Something Fishy

ADHD comes with omega-3 and omega-6 fatty acid deficiencies.

But upping your omega-3 and omega-6 fatty acids may have little effect on your ADHD symptoms.  What gives? Recent research reveals that it’s all about the ratio.

ADHD means low levels of both but overall higher levels of omega-6 to omega-3.

So now you may say, well, I just need to increase my omega-3 levels, right? Oh, how I wish it were so simple.  Researchers have tried this with only some succesfish-2207845_1920s.  A supplement heavier on the omega-3 than omega-6 side may be better, as indicated by a study that found benefit from giving participants an omega-3/6 supplement containing mostly EPA and DHA (omega-3), with only 60mg of LA (omega-6).

Still, it seems you’re best off knowing your ratio.  And then knowing how much omega-3 (EPA and DHA, specifically) and omega-6 (LA or AA, specifically) you need to optimize it.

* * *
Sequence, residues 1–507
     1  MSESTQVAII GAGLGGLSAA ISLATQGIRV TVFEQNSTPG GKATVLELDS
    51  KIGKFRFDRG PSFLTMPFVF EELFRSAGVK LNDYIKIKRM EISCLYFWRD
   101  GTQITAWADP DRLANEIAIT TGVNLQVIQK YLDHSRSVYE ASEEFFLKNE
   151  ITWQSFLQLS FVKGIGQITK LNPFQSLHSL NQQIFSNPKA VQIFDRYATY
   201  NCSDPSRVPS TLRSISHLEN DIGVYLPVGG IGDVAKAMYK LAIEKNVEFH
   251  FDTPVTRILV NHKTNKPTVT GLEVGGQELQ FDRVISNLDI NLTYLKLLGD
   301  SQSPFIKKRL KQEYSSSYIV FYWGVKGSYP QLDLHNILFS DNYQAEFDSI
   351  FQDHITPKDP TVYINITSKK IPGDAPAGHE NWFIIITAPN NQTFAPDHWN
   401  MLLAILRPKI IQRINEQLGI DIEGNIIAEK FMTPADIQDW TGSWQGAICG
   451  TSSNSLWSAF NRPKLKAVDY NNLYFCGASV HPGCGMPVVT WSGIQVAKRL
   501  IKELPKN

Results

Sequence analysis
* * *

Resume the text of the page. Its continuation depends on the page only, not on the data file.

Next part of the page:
See here.

Go, Go, Go and Slow, Slow, Slow?

A few years ago, researchers at MIT showed that adults with ADHD have two brain networks that compete for their attention instead of “playing nice,” as they do for adults without ADHD.  These networks are essentially a go, go, go one that lights up when we have a task to do (“task-positive network”) and a slow, slow, slow one that activates when we have nothing to do and can daydream or let our minds wander (“defccv-jp-ngault mode network”).  Without ADHD, when one network has its turn to be active, the other one turns down…they cooperate.  With ADHD, they appear to often be active at the same time.  Imagine what that’s like.  If you have ADHD, you already know.  If only others could experience your brain to know what it’s like….

See for yourself.